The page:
Aaike van Vugt, CEO of VSParticle, discussed “Unlocking a Century of Material Innovation in the Next Decade will be Essential to Stop Climate Change.” Van Vugt emphasized the importance of advanced manufacturing in the development of new materials and highlighted VSParticle’s innovative approach to engineering materials. Launched in 2014, VSParticle aims to significantly reduce the time required to create new materials by utilizing nanoparticle printing tools. These tools break down materials into nanoparticles, which can then be reassembled to create novel materials with unique properties. Van Vugt likened the process to an office printer that can take four basic colors and create over 16,000 new ones by mixing them in various combinations. This groundbreaking technology has the potential to change the field of material science and open new possibilities for a wide range of applications. However, despite these advancements, there remains a significant gap in the education system, as there are currently few nanoscience programs embedded in US middle and high schools’ STEM education.

Aaron Frank, a researcher and writer, took us to the “The Metaverse, Web 3, and the Virtual Economies of Life Online.” As an educator, I have already begun experimenting with metaverses for teacher education and language learning. The internet of the future will be immersive, as Aaron Frank predicts. According to Aaron, metaverses directionally point to a variety of changes coming to the internet, about an internet built in 3D immersive spaces where users inhabit as avatars online virtual environments. In my work, I have found that metaverses such as Agora World offer unique opportunities for teacher education. Similarly, language learners can immerse themselves in virtual environments that simulate real-world situations, providing skill-based practice opportunities to build confidence in their language skills. As metaverses continue to evolve, I anticipate that they will play an increasingly important role in education, transforming the way we teach and learn.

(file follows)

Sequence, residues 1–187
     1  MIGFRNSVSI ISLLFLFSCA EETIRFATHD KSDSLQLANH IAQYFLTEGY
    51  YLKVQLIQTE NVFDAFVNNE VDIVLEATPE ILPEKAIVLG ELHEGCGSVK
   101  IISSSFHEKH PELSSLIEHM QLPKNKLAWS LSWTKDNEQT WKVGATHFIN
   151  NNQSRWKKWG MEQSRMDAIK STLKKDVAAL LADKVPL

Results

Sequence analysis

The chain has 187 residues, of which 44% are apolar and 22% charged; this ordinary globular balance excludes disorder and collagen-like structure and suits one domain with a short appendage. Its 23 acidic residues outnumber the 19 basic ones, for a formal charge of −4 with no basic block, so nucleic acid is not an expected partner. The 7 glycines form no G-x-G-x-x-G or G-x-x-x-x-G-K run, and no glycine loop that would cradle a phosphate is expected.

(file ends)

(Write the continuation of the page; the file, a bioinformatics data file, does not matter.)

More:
Alix Rübsaam’s “AI Workshop: Building Inclusive, Automated Decision-Making Systems” explored algorithmic bias’ and exclusion, leading us in experiential exercises to understand how automated decision-making algorithms can lead to unintended consequences while investigating the effects of digitalized information on decision-making processes. For many of us, this meant challenging computational paradigms while driving home the importance of informed decisions in the context of 21st-century challenges.